Several lifestyle changes can improve outcomes after a breast cancer diagnosis, but exercise is by far the best habit is in order, researchers say.
Women with breast cancer, either newly diagnosed or at any time in their “survival” phase, the need to exercise regularly and to prevent weight gain, said Dr. Ellen Warner, of Odette Cancer Center at Sunnybrook Health Sciences Center in Toronto, co-author of the research review.
Warner and her colleague Julie Hammer together to review nearly 70 articles that addressed lifestyle changes that can have an impact on the risk of breast cancer recurrence and survival after breast cancer.
They found that regular physical activity can reduce the risk of dying from breast cancer by 40 percent compared to women who did not exercise. Unfortunately, less than 13 percent of the women with breast cancer achieve the recommended 150 minutes per week of physical activity.
“Exercise is the greatest gain to reduce the risk of recurrence and many other secondary benefits, such as helping with weight management (which lowers the risk of recurrence and fewer side effects of chemo, radiation, and hormone therapy,” Warner told Reuters Health by e-mail.
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Gaining weight during or after breast cancer treatment is risky – it increases the chance of a recurrence and reduces the chances of survival, the review concludes.
Women who are already overweight or obese also have a higher risk of recurrence and death, but it is not clear whether weight loss actually improves those goals. Studies are underway to examine this further, the researchers write in the Canadian Medical Association Journal.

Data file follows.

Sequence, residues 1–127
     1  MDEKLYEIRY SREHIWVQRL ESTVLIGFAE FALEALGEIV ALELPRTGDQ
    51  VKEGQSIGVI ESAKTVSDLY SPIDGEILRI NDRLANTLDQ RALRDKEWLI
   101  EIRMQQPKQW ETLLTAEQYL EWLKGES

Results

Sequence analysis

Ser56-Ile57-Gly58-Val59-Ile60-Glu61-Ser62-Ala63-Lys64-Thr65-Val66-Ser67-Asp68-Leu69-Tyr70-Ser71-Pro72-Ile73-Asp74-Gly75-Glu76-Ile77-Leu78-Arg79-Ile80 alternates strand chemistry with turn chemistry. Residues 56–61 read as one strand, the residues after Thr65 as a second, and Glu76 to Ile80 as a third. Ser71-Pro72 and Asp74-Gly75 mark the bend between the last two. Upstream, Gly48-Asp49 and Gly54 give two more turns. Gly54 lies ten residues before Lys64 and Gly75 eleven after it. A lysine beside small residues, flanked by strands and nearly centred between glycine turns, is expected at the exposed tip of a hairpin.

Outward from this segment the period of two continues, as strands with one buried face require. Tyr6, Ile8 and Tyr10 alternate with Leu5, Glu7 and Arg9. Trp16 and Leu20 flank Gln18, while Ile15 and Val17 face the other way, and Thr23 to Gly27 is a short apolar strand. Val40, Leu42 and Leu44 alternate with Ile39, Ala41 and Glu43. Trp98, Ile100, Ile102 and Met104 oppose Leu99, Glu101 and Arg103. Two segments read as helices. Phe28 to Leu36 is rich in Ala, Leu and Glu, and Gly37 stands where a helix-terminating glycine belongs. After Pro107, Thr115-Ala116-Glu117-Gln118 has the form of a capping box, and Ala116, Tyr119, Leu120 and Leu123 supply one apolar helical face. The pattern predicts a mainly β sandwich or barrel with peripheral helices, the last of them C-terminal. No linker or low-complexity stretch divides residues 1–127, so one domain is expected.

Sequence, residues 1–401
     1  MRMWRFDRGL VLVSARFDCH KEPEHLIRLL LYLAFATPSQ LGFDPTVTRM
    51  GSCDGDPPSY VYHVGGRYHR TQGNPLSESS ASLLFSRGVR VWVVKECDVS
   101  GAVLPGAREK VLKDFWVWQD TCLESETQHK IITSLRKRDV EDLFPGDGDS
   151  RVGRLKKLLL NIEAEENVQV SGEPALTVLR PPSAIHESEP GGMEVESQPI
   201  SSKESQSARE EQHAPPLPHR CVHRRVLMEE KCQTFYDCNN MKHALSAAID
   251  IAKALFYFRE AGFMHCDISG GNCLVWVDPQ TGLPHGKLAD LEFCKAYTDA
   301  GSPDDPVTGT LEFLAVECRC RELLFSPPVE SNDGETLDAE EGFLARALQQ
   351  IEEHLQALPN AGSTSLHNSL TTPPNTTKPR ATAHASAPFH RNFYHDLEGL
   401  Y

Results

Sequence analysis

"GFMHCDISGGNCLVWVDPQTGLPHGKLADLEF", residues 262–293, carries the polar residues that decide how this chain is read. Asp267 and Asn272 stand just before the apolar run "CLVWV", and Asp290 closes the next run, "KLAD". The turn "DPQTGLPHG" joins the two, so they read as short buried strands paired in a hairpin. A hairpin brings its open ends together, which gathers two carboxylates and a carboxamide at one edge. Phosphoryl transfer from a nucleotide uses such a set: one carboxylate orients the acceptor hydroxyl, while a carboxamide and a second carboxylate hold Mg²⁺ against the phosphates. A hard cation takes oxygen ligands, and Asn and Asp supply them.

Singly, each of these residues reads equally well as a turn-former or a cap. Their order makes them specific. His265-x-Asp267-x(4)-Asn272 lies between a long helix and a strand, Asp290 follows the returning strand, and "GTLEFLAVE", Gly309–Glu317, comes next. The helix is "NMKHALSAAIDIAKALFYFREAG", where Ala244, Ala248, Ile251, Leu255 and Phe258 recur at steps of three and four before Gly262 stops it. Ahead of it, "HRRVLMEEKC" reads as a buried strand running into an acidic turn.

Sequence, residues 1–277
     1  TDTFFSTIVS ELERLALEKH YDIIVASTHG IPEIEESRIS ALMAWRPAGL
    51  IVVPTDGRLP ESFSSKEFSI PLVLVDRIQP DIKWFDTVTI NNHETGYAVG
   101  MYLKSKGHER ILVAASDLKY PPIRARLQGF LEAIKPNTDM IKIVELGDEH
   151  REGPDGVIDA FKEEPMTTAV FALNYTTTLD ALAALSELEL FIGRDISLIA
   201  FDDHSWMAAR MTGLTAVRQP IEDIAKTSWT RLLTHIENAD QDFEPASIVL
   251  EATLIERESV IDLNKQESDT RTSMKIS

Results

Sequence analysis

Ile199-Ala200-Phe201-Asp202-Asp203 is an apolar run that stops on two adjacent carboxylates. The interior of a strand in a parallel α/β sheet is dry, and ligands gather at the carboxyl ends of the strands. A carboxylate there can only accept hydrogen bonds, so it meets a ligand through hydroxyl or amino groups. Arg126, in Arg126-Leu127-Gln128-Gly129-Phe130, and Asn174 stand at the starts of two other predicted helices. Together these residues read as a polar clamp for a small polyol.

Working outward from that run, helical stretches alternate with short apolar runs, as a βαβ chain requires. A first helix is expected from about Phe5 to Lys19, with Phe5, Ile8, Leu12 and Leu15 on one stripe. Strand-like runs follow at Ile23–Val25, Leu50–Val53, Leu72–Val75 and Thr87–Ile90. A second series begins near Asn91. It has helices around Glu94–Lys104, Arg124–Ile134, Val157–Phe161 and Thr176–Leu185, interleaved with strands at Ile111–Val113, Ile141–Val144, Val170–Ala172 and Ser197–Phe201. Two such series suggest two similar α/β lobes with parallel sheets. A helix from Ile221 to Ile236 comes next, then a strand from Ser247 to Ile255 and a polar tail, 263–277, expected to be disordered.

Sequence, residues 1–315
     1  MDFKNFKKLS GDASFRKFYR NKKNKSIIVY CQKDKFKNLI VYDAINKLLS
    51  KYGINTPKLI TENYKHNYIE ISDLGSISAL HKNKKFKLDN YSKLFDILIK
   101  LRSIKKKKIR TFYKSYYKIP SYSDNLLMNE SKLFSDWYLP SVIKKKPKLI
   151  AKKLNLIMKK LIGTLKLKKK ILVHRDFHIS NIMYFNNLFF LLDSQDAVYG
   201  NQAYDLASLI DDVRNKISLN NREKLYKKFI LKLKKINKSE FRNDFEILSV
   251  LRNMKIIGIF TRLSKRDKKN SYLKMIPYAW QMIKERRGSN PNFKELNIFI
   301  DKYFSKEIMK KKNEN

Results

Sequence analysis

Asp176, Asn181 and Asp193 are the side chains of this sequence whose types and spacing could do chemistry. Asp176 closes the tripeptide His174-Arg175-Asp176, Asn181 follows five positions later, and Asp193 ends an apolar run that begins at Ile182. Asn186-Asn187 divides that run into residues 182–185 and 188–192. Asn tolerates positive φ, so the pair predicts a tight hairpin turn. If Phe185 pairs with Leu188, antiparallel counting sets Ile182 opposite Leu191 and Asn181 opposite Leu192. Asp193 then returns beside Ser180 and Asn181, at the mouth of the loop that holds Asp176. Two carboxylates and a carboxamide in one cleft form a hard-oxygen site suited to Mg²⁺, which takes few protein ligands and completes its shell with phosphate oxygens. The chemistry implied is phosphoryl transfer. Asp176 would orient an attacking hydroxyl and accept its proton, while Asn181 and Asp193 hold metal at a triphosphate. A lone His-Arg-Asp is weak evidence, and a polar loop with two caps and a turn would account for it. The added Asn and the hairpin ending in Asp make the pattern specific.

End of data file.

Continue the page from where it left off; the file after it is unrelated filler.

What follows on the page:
Does diet matter? Yes and no. Breast cancer recurrence rates are similar to, or women eating a diet with plenty of fruits, vegetables, whole grains, and chicken or a diet high in processed grains, processed meats and red meat. But high dietary saturated fats increase the risk of death from breast cancer. Soy products, however, do not increase the risk of breast cancer recurrence and may even decrease.
“Women with breast cancer is not need to extreme diet changes (like cutting out meat, dairy, sugar, soy, etc.),” Warner said. “There is no evidence that these are effective. She eats everything in moderation and following Canada’s food guide would be useful if they do not know very much about nutrition.”
Women with breast cancer – well, everyone actually should stop smoking. It is strongly associated with the risk of death from breast cancer, and quitting improves overall survival.
What about the intake of alcohol and vitamin supplements? The evidence is limited and inconsistent, so further research is needed before making specific recommendations, the team notes.
“There is a large ongoing Canadian study of women ages 40 years and younger newly diagnosed with breast cancer named RUBY, and one of the projects in this research is to look at how various lifestyle factors (diet, exercises, supplements, etc.) impact on the prognosis for that specific age group,” Warner said.
“The adoption of a healthy lifestyle is great, but should never be seen as a replacement for conventional therapy,” she concluded.
In their review, the authors note that very few of the studies included met the highest standards of clinical studies.
Dr. Livia Augustin from St. Michael’s Hospital in Toronto and the Fondazione Giovanni Pascale National Cancer Institute in Naples, Italy, has, together with others, designed a clinical trial (dedica) to investigate whether low glycemic index diet, exercise and vitamin D reduces breast cancer recurrence.
“People with breast cancer suffer from multiple co-morbidities, such as heart disease, diabetes, and osteoporosis, and therefore many health complications; therefore, stopping smoking, increasing vitamin D, if needed, increasing physical activity and improving the nutritional aspects are of crucial therapeutic targets to reduce complications and the costs of health care and help to live longer with a better quality of life,” Augustin told Reuters Health by e-mail.